HRF to Clinton and OIC: Commit to Implementation of Resolution to Combat Religious Intolerance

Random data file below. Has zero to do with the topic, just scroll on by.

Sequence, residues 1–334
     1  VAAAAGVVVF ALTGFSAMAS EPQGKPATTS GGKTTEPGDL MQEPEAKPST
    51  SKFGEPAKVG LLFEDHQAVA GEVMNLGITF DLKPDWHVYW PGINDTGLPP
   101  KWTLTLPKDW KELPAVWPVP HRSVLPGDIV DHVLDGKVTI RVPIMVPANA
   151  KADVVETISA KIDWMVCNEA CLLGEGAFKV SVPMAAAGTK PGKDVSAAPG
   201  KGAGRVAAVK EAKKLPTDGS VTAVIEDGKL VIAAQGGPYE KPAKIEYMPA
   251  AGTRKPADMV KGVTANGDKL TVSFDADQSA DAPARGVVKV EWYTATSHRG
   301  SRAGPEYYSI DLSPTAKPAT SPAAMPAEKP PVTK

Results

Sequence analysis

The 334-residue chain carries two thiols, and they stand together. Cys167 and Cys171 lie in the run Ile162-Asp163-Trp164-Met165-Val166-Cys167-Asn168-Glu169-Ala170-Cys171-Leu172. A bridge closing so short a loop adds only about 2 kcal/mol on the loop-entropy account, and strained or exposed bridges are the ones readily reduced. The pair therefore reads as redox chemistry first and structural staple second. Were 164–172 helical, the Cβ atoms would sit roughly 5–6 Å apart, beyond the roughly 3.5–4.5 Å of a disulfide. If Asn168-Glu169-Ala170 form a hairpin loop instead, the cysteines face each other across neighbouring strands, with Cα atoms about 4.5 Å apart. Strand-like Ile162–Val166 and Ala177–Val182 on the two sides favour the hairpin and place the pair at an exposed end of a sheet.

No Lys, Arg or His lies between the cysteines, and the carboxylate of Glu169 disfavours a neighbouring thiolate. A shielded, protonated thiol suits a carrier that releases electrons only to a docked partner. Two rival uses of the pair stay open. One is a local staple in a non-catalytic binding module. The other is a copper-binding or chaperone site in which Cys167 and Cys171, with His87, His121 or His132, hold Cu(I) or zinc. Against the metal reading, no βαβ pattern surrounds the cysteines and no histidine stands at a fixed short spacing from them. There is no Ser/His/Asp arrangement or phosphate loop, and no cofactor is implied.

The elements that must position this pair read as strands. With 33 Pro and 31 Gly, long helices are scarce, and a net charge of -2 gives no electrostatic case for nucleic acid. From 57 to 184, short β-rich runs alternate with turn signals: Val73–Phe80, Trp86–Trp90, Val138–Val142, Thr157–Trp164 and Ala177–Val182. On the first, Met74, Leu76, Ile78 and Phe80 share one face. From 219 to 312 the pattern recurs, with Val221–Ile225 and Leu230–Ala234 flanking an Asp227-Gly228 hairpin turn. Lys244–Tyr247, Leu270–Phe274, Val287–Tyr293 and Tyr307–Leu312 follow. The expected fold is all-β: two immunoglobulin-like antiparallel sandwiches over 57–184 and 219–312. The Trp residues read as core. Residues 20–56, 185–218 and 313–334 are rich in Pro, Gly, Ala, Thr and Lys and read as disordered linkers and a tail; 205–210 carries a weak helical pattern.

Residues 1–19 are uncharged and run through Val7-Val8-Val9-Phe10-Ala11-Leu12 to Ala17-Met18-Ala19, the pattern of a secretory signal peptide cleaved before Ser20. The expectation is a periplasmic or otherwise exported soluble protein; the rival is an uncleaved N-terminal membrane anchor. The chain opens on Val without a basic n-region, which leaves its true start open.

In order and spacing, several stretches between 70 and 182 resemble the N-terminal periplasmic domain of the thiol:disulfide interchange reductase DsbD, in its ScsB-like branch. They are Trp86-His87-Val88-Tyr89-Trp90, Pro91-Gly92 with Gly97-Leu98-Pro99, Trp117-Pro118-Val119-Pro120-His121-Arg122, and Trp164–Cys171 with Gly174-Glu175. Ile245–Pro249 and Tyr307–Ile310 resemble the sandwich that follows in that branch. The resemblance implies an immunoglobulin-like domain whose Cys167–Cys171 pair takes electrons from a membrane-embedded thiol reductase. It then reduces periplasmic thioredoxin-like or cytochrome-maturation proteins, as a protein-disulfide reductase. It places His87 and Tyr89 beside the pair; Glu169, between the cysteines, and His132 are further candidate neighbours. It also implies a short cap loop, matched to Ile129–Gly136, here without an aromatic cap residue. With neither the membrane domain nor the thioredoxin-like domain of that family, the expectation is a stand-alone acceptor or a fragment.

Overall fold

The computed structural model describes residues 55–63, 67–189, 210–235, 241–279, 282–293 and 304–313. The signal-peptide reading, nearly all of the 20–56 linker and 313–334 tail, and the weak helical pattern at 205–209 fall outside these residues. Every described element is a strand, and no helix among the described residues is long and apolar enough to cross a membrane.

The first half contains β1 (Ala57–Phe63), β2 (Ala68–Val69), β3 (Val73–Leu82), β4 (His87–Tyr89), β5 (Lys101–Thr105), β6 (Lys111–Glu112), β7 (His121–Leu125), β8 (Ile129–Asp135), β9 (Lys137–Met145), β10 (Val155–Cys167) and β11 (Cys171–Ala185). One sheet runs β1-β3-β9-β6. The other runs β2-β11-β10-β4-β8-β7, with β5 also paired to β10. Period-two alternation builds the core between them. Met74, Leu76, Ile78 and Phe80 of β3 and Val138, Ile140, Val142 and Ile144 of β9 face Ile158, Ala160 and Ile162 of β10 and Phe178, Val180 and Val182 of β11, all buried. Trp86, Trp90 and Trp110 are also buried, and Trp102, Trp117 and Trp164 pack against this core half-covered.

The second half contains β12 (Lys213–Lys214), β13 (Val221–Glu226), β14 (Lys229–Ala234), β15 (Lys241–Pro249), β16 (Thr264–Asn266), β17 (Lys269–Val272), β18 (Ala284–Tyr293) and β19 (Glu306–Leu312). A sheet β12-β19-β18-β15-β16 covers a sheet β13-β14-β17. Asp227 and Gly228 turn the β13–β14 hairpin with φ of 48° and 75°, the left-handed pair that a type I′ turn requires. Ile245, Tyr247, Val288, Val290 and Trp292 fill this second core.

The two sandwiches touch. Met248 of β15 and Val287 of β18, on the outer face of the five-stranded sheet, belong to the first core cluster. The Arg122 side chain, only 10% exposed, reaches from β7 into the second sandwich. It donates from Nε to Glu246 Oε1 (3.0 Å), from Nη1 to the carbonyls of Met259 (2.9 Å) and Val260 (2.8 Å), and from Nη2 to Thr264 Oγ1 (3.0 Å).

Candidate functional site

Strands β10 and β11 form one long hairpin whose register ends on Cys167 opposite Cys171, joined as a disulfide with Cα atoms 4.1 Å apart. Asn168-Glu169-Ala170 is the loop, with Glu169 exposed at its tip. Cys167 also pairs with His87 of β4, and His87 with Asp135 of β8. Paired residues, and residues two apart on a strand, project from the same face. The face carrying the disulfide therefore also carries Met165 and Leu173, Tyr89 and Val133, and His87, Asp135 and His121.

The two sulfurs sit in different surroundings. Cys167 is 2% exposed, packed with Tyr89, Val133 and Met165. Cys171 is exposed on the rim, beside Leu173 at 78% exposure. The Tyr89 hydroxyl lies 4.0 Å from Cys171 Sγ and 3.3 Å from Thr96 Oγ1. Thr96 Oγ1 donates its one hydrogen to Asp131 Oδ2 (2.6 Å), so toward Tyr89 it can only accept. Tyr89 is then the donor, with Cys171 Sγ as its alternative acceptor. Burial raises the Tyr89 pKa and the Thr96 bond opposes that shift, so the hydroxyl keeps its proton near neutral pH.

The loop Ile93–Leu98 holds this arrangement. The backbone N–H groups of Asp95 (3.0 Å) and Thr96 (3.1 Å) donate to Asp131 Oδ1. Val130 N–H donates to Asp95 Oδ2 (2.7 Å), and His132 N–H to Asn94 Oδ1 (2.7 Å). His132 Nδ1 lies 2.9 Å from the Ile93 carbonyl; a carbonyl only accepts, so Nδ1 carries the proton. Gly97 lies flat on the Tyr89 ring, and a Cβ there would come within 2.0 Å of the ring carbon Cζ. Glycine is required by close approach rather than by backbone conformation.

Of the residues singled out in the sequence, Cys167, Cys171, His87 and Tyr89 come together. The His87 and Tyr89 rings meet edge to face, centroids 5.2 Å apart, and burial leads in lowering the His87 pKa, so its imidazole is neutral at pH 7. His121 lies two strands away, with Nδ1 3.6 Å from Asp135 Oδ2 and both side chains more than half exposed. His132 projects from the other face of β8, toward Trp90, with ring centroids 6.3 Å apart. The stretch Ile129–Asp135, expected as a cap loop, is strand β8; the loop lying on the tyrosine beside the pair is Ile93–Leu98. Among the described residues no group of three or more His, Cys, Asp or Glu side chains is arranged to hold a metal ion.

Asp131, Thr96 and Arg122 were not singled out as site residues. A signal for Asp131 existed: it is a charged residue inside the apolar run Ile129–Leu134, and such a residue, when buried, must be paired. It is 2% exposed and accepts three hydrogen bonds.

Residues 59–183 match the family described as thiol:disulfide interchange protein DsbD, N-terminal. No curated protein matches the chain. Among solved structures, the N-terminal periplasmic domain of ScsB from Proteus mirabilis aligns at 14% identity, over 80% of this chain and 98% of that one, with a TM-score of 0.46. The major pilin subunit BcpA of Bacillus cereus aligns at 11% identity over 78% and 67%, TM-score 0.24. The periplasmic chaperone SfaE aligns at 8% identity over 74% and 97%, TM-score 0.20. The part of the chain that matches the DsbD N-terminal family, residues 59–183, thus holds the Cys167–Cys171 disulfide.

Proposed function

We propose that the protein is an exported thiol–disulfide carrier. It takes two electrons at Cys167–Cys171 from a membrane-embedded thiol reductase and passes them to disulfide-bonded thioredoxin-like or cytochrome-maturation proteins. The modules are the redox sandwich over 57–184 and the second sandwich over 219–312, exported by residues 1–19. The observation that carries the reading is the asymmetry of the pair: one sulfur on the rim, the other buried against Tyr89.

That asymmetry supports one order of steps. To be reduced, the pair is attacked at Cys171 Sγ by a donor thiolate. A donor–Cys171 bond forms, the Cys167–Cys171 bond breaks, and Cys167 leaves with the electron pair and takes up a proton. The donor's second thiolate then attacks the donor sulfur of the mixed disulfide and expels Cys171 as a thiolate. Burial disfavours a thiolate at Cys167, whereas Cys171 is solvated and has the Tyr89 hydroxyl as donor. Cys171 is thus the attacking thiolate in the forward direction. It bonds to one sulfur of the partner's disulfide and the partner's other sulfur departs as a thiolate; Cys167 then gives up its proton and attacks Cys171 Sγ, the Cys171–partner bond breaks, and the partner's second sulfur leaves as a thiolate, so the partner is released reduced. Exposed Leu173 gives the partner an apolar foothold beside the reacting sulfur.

Washington, D.C.—Today in Istanbul, U.S. Secretary of State Hillary Clinton will attend a meeting with the head of the Organization of the Islamic Cooperation (OIC) representing 57 governments. Among other subjects, they will discuss how to implement an unprecedented consensus resolution on combating religious intolerance adopted at the U.N. Human Rights Council in March 2011. Human Rights First welcomed that adoption of the resolution as an important shift away from efforts at the U.N. to prohibit “defamation of religions” – in essence an international blasphemy code. The OIC had for the past decade supported such efforts, which have had serious consequences for fundamental rights to freedom of expression and belief. “We welcome this initiative of Secretary Clinton and top officials from OIC States to build upon the human rights-based approach agreed to in March to fight the rise of religious intolerance in the world. We expect that the OIC and the U.S. will reiterate their political commitment to this resolution at the highest level in order to advance positive action on these issues at the U.N.’s General Assembly in the fall,” said Human Rights First’s Tad Stahnke. The consensus text agreed by the U.N. Human Rights Council was an important achievement. For the first time in many years, OIC governments agreed to focus on the protection of individuals rather than religions. “Much needs to be done at the national level in U.N. member states to combat violence and discrimination on the basis of religion or belief. In particular, Human Rights First calls on all States to move toward implementing policies to combat hatred without restricting speech,” concluded Stahnke. Human Rights First has identified scores of cases that provide ample warning of the misuse of blasphemy laws at the national level. The organization’s study, Blasphemy Laws Exposed, documents over 70 such cases in 15 countries where the enforcement of blasphemy laws have resulted in death sentences and long prison terms as well as arbitrary detentions, and have sparked assaults, murders and mob attacks. Human Rights First has long pressed states to oppose the defamation of religions concept in favor of an approach to combating intolerance that is in line with international human rights norms. Many elements of Human Rights First’s policy paper Confronting Hatred While Respecting Freedom of Expression were included in the March consensus resolution. The complete paper can be found here.